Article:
Nigeria is scheduled to go to the polls in 2023 for another round of general elections, since the return of democratic rule in 1999.
He said political parties should embrace consensus, equity, justice and fair play and give due attention to the demands of “relegated geo-political zones or ethnic nationalities that have not been given opportunity to produce a president over the years’’.
Onochie, a chieftain of the PDP, argued that it had become compelling for a politician of southern Nigeria extraction, especially from the Igbo-speaking areas to produce the president in 2023.
The former diplomat said that allegations of marginalization by Igbo-speaking people would continue to ring loud and promote national instability and disunity, unless their persistent demands were addressed.
Re-echoing the request made by southern governors last month for the south to produce the next president, Onochie said that equity, fair play and justice should serve as yardsticks in choosing the president of a heterogeneous and federal system as practiced in Nigeria.
He argued that the principle of fairness had made it compelling that the top job should be zoned to a Nigerian of Igbo extraction, whether from the Igbo heartland or from the Igbo-speaking communities in other states in the federation.
“As a leading member of the PDP in Delta State and now a PDP 2023 presidential aspirant, I began the defence of the Igbo stand on the 2023 presidency at Wadata Plaza in Abuja.”
“I stood my ground that the 2019 presidential slot should be zoned to the North because it was their time. This makes it untenable for any politician from the North in the PDP to grandstand to run for the position in 2023.’’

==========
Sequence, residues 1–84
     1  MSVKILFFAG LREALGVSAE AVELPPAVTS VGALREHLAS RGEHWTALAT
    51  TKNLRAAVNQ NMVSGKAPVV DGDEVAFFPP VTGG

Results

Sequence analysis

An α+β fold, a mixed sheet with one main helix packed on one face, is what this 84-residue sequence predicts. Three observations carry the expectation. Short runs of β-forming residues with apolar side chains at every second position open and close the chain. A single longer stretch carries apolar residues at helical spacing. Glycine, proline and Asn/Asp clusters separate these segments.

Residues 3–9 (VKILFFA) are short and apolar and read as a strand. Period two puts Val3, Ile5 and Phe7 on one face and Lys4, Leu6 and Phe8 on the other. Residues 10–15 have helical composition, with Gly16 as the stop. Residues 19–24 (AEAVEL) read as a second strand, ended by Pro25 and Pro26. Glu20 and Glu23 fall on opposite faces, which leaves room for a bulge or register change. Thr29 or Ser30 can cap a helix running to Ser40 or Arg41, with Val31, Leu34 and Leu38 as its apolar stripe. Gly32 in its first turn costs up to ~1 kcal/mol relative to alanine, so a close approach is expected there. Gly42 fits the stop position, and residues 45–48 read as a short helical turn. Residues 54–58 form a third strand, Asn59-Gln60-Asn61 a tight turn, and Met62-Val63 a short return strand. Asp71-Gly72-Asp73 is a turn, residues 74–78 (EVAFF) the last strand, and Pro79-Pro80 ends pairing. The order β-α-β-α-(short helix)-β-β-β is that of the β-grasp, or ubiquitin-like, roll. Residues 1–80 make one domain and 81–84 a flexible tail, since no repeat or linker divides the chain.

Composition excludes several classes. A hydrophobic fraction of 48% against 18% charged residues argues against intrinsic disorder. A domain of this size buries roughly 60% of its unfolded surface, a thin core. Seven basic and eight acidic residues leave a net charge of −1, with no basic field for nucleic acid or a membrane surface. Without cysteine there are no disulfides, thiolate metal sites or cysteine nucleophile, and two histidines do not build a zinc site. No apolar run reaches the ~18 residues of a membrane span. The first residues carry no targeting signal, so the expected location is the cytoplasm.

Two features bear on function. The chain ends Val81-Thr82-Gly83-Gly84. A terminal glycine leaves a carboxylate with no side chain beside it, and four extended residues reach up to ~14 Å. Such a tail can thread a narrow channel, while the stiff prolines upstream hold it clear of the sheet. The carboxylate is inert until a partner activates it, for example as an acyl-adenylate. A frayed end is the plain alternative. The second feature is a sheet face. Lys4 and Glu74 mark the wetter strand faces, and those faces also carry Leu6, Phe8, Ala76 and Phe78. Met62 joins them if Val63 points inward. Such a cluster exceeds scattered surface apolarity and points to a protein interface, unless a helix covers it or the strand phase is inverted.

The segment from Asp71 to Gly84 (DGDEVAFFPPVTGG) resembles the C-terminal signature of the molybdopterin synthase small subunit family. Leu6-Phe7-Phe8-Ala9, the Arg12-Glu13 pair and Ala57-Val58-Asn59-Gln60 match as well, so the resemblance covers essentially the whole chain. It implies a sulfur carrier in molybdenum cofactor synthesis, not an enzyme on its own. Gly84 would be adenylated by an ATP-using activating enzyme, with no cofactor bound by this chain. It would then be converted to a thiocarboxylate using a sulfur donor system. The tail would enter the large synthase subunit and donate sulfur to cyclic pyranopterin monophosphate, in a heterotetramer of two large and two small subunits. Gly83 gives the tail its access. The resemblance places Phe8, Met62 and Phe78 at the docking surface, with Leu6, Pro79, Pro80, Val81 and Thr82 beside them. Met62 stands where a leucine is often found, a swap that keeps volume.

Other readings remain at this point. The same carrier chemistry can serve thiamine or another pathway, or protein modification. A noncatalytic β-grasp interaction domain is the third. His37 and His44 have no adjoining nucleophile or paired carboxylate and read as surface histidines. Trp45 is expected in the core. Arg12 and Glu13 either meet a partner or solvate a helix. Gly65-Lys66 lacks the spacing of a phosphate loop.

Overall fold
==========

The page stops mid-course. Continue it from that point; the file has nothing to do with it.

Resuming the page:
The former diplomat said that he was delighted that PDP governors re-affirmed that position in their recent meeting on July 28 in Bauchi, recalling that the Yoruba, having also had a fair share of holding the top job should support the Igbo, to produce a presidential candidate in 2023.
Onochie also faulted arguments in some quarters that the 2023 presidency should go strictly to South East Igbos, pointing out that the position should be zoned to an Igbo-speaking person without dividing Igbo land as east or west.
“There are Igbos west and east of the River Niger and this cannot be disputed or denied,’’ he said, citing the heroic roles played by Asaba people in ensuring the survival of the Igbos, particularly the exploits of a renowned retired soldier, Col. Joe Achuzia and other indigenes of Igbo-speaking communities in Delta State during the Nigerian civil war.”
“The imperfections of Nigeria today make it unacceptable, pitting millions of Igbos against each other and herding them into second-class citizens in Nigeria, where a new classification has Igbos as different from Ibos.” (NAN)